The Art Tree of Knowledge

Hi all — The bad thing about not writing a blog for a long time is that I have a ton of images to share and things bottles up you want to say. The good thing is that I have a ton of images to share!

This has been a hard few months for many of my fellow students and for myself. A few didn’t make it and left the program. That always makes me so sad. I know the feeling because I left the program once but within a few months came back. I think there comes a point where we question the pay off. “It” seems impossible, impossible to make a “good” drawing while struggling with technique and learning to see. Also there is the way that the pursuit of classical realism seems to rain on your happy-art-making parade. I compare it to eating from the tree of knowledge. Once you see what you do not see you can never go back to not seeing it again. Once you realize the level you ‘could’ create at – you have a hard time settling for the level you once created at.

So you are left in this very uncomfortable middle ground of not being able to create at the level you want to create at, and not being able to go back to before you got bitten by the realist bug. It is a painful place to be and the place most people quit at – especially perfectionists, the easily fatigued and those who ride themselves the hardest.

For me, art was once a place where I could excel without really trying to hard. The creative process was always just a joyful, good feeling place to be. After I was out of that ‘making’ space and looking at my work I was always, always dissatisfied. On some level I knew I was capable of better, of being able to create the pictures my mind saw and not just settle for the pictures my ability allowed. When I discovered classical realism and my atelier I understood that there was a way, there were tools to kick up my ability to the level I wanted. I did not realize at first that learning those tools and techniques would be so difficult, and that results would be so slow. I was impatient and in pain actually. I quit. What I discovered was that I could not go back to my old way of making art. I was even more acutely aware that I needed to learn how to see better and to be able to translate what it was I was seeing. I needed to learn the techniques… I needed to give myself time. Most importantly I needed to learn to be gentle on myself in the process.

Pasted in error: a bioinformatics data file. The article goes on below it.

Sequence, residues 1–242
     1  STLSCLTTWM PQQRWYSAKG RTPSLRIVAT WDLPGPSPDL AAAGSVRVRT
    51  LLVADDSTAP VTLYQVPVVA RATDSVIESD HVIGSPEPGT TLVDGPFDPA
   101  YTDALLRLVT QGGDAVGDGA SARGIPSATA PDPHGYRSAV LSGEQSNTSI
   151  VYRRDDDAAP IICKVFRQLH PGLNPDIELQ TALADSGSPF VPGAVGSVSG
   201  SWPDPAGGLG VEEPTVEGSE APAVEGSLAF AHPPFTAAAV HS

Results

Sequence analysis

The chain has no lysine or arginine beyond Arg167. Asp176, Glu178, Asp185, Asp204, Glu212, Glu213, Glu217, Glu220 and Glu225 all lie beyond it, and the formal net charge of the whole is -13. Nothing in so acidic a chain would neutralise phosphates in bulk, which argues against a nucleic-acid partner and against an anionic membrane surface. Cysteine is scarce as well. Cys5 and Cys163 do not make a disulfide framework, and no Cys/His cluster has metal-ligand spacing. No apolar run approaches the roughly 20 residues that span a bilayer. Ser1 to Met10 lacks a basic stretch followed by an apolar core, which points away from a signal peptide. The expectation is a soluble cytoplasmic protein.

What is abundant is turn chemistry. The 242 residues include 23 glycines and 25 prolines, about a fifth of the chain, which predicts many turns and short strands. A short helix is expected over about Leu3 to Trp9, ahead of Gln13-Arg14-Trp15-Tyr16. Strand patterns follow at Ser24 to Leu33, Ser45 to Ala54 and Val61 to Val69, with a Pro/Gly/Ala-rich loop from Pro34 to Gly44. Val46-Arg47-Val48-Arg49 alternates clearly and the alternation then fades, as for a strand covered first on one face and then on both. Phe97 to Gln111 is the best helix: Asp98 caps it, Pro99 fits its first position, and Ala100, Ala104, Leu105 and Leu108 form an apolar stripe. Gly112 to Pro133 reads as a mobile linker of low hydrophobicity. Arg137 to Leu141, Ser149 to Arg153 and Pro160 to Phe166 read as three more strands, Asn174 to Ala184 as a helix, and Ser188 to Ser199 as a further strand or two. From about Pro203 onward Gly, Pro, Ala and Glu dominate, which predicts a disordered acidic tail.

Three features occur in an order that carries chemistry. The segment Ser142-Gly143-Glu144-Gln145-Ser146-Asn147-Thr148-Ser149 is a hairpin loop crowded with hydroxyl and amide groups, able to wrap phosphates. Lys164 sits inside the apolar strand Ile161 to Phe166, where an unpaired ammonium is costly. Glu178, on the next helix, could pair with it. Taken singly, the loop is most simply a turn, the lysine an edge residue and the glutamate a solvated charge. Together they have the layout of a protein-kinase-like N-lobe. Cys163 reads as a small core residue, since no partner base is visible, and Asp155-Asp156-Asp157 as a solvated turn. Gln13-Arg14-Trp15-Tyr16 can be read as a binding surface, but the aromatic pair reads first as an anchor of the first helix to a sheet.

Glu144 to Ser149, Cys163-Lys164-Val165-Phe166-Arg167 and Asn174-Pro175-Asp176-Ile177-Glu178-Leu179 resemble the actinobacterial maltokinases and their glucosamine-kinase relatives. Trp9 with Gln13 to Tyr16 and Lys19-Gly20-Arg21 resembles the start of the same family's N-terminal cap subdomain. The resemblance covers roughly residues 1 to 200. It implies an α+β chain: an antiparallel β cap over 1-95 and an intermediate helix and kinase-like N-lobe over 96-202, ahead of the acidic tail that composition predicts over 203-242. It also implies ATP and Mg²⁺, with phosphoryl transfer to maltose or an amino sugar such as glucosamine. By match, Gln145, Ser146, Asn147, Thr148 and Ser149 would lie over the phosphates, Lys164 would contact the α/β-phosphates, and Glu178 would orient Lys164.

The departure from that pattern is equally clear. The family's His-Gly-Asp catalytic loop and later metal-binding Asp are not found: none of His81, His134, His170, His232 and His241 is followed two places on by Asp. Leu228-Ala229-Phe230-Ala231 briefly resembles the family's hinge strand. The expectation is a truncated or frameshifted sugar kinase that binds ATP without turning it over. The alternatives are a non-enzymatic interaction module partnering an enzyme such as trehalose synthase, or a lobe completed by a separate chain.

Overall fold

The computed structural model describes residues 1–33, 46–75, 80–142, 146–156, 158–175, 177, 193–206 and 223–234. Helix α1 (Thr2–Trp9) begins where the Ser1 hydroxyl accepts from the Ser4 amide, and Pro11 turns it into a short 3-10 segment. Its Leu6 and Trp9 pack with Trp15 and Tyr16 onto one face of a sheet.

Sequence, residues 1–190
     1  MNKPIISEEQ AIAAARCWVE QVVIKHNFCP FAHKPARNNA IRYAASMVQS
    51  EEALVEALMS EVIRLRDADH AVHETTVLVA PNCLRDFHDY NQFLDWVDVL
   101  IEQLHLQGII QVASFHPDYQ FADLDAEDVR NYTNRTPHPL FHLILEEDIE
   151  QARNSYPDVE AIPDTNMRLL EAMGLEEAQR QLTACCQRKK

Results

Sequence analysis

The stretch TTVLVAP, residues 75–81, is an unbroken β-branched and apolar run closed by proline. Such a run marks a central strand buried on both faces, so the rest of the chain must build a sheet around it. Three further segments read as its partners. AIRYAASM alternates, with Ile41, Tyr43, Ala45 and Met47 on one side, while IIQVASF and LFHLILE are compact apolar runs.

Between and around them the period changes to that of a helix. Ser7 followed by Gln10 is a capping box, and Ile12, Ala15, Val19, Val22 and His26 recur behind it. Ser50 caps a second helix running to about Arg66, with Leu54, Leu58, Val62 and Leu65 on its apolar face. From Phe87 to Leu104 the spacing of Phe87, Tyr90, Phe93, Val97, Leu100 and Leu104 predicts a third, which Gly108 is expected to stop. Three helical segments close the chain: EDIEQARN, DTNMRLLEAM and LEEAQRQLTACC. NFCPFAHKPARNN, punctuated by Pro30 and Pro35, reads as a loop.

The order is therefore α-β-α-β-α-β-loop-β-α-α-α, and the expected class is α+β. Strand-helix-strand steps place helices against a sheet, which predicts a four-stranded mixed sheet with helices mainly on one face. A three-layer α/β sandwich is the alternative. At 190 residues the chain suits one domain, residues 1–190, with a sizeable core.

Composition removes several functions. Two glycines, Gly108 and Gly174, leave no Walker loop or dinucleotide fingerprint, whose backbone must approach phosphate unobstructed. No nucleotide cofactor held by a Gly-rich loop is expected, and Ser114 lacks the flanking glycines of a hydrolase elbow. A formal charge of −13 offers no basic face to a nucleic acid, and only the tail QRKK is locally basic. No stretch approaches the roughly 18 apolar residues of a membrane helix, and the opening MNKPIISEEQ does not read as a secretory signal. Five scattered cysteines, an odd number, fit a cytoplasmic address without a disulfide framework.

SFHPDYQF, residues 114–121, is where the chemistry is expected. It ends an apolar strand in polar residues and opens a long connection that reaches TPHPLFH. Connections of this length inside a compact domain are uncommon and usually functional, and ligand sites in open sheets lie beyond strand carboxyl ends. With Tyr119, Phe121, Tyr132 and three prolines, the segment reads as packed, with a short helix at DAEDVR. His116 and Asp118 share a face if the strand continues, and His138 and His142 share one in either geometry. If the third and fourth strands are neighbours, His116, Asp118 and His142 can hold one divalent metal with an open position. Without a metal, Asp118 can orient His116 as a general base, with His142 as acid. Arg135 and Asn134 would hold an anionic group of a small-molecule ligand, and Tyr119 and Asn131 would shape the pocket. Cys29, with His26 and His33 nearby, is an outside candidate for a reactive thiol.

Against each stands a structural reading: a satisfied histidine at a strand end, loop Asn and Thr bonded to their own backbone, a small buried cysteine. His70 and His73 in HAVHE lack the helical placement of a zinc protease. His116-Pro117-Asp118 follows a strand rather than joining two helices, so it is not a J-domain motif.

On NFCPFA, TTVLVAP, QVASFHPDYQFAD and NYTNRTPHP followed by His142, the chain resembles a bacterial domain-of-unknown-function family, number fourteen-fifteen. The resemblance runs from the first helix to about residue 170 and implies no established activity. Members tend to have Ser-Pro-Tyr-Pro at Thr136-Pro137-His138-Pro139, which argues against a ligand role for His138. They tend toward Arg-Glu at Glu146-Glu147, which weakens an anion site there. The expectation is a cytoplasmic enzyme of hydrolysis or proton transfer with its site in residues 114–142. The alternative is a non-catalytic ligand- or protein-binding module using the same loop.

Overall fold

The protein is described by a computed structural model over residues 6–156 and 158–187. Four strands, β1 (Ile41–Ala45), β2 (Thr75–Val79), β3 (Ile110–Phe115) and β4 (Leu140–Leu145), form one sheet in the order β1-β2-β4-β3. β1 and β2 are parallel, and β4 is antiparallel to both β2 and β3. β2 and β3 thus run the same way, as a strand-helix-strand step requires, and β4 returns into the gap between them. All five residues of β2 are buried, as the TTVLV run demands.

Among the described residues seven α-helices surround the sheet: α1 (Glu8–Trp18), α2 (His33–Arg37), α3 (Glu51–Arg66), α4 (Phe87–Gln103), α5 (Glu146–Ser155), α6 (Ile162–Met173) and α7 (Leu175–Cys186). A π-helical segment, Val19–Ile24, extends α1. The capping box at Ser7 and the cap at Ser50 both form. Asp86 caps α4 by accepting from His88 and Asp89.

I believe I will get to where I want to be. I have seen periods of incredible growth followed by what seems to be periods of no growth at all. Weeks of drawing where my ends result looks even more pained than the first week and my paper is shredded under all of the effort.

In the drawing below I compare my last long pose drawing week one with week five. When I first finished I saw nothing better about week five than the first weeks block in. I put the drawing away on frustration and disgust. Taking it out again and looking back, it’s true – the progress was very slow, my technique not refined which resulted in butchered paper… but –now I see the second figure has some much more effective observations than the first. The first is nice and loose, attractive in a generalized, modern way. The second however, is full of hard won observations that create the faint emergence of a form really turning in space. Subtlety to the movements of the muscles moving into each other. It looks more like the real model. I was able to just being to work the inside of the form and outline shadow shapes and that occurred naturally as I worked more and more subtly on the block in. I am slow, it takes me forever to get the block in to where I am ready to move into the shadow shapes, I over work the outline terribly – but I am learning and I see the difference and building on one experience after another. The skill we learn in the learning of classical realism is quantitative and the real necessary tool is patience.

compare_feb-apr

Anyway, I had a lot to say today so for the rest of the post I am going to just post some pictures of the current status of my work. You can scroll down for comparison. Because I am a part time student at the Atelier I am moving slowly through the work. I know that if I could focus full time like they do at the Florence Academy where my teachers are from that I would move forward comparably to the students there. I accept the slow process because I accept my limitations. In fact, accepting yourself is the biggest secret ingredient to being able to sustain study in classical realism. Accepting where you are at when you are struggling as well as really accepting your successes.

Two hour live figure block in:

april14a

Cast Drawing week three – just really starting working with the values.

april

My Holbein Master’s Copy – moving to more subtle movements in the block in.

holbein6

My Angel Master’s copy – just now moving into the shadow shapes.

angelapril2

There was an incredible painting workshop with our painting teacher Matthew Riggs a couple weeks ago and I am going to share some of that work in a separate blog post.

Finally once again my favorite quote about the study of classical realism from Atelier Founder and Art Educator Sadie Valerie: “…art is the kind of hard work that brings you to the bleeding edge of your ability and makes you stare hard at your limitations.”

The study of classical realism really takes courage and patience. Give yourself a break and be proud of every effort you make. I’ll hang in there if you will!

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